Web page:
There’s a study out (hat tip: Instapundit ) on who benefits most from the mortgage interest deduction. The answer, in a nutshell, high-income in high-nominal-income states. Or, to put it another way, Democrats. Reason: High-income people with large mortgages tend to be concentrated in metropolitan areas like New York, Los Angeles and San Francisco which have the highest house prices—and where affluent people tend to vote Democratic. So the mortgage interest deduction shields a lot more dollars of income from taxation for these people than it does for people with ordinary incomes—or even affluent people in metro areas like Atlanta, Dallas-Fort Worth and Houston, where house prices are significantly lower because of greater availability of land and fewer no-growth environmental restrictions. From the study: "the per capita benefit from the mortgage interest deduction for Californians is more than two and a half times that for Texans."
The political upshot is that this makes the mortgage interest deduction more vulnerable to being scrapped or limited in a tax reform measure that cuts rates and eliminates preferences. Democrats can argue that it gives away too much to high-income people and Republicans can argue that it’s tilted to give the most benefits to high-income Democrats. Both are pretty strong arguments. It’s long been assumed that the mortgage interest deduction is politically untouchable; but maybe not.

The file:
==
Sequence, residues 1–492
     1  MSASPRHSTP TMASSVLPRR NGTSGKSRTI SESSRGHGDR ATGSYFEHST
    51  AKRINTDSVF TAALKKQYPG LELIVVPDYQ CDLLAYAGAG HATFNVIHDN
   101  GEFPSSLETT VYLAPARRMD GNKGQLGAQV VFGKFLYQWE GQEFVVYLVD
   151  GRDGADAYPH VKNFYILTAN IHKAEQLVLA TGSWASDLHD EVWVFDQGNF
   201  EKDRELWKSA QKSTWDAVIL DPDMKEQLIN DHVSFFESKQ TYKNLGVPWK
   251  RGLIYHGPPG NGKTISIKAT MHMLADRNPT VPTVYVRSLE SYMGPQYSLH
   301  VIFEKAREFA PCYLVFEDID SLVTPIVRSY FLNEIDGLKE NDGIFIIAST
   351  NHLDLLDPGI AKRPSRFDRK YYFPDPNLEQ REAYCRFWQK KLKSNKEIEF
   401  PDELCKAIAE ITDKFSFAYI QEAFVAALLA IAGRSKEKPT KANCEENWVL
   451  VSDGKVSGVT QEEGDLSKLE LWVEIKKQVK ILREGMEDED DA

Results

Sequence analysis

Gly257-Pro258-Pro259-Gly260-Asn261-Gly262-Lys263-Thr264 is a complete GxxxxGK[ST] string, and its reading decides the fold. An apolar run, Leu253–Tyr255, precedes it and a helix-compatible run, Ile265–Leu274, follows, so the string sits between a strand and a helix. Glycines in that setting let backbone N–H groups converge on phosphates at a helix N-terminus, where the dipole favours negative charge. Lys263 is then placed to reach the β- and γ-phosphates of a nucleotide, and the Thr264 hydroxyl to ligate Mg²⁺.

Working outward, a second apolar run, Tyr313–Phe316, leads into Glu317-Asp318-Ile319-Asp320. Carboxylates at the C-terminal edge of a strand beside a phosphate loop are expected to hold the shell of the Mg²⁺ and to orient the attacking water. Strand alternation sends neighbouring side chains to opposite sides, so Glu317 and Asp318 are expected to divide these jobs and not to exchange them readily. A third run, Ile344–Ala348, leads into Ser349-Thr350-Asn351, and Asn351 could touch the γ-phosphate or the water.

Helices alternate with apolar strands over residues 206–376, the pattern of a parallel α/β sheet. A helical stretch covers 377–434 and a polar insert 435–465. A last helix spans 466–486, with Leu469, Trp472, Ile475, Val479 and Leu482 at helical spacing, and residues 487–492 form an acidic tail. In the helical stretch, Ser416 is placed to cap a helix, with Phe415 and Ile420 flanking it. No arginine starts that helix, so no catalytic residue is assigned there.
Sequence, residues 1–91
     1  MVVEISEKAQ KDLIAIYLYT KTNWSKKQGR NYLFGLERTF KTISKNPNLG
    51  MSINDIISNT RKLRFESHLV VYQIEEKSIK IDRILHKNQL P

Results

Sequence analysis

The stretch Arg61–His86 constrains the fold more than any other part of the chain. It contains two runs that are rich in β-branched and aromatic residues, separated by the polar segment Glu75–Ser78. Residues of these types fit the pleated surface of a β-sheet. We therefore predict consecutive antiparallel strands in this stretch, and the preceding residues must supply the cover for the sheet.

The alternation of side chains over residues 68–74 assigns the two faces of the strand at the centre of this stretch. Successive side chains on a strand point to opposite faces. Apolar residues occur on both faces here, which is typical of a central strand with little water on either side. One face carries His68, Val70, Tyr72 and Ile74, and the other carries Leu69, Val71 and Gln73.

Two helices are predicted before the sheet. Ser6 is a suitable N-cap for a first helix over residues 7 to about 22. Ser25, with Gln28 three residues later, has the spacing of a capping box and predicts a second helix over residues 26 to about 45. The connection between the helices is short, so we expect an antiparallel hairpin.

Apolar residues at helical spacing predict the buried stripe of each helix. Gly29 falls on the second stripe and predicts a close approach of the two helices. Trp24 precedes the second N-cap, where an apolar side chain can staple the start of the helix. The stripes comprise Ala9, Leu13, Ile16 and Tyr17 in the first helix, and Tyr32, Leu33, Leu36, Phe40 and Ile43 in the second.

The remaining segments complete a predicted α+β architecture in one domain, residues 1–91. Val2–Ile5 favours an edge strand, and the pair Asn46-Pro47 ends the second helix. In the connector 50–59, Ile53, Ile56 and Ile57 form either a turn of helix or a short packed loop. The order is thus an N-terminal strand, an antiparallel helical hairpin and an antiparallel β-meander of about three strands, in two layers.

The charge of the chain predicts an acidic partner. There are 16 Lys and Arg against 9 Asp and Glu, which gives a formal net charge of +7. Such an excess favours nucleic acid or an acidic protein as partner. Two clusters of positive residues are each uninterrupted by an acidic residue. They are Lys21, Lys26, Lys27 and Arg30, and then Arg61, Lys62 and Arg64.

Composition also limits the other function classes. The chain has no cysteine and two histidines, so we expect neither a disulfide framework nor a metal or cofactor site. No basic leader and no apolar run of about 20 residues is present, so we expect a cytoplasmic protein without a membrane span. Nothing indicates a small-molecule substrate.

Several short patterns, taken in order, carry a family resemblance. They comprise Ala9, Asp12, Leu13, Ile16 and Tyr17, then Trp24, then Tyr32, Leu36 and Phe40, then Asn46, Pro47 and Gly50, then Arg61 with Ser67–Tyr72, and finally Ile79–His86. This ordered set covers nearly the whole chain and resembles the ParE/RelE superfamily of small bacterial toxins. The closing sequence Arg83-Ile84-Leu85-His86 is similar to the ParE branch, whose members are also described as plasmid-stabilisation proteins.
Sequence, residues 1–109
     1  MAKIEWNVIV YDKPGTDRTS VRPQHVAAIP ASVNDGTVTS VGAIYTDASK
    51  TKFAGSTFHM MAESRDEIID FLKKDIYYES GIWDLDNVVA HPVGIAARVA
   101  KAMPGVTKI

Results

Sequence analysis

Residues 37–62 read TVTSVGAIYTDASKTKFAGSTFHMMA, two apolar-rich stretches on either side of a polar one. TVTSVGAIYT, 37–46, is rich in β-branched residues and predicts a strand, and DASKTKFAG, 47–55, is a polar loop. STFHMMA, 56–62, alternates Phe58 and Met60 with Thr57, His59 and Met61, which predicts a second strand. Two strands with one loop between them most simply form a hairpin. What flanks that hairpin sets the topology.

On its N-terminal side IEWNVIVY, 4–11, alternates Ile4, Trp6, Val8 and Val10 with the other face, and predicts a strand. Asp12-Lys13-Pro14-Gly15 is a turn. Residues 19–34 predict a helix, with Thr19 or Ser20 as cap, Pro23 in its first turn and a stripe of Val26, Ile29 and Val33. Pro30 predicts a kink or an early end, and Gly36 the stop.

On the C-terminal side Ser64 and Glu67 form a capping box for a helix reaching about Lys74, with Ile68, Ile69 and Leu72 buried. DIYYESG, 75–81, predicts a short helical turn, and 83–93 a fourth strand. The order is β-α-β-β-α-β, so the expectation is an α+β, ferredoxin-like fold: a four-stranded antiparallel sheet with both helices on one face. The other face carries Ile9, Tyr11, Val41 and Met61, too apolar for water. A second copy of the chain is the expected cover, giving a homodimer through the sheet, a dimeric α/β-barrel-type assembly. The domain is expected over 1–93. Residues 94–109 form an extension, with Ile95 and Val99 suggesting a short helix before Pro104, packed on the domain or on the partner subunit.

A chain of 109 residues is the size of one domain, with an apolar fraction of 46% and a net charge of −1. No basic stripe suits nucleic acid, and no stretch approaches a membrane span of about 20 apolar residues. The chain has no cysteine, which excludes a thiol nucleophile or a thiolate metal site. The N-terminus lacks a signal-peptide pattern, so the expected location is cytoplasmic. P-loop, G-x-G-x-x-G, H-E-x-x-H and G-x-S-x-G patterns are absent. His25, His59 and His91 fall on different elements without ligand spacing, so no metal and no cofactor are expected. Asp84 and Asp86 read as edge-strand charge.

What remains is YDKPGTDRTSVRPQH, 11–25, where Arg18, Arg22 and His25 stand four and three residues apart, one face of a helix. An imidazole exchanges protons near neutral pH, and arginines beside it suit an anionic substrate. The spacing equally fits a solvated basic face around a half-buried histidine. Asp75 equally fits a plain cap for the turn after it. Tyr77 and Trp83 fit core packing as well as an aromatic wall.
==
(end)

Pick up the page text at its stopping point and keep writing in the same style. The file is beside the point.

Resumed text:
Ancillary economic question: What would be the effect of eliminating the mortgage interest deduction? It might incentivize many people to just pay off the mortgage. Getting rid of the interest cost would be like buying an income stream of whatever the interest rate is. This could significantly reduce mortgage debt in the nation. I’m sure others have thought more about this than I have, but these are interesting questions.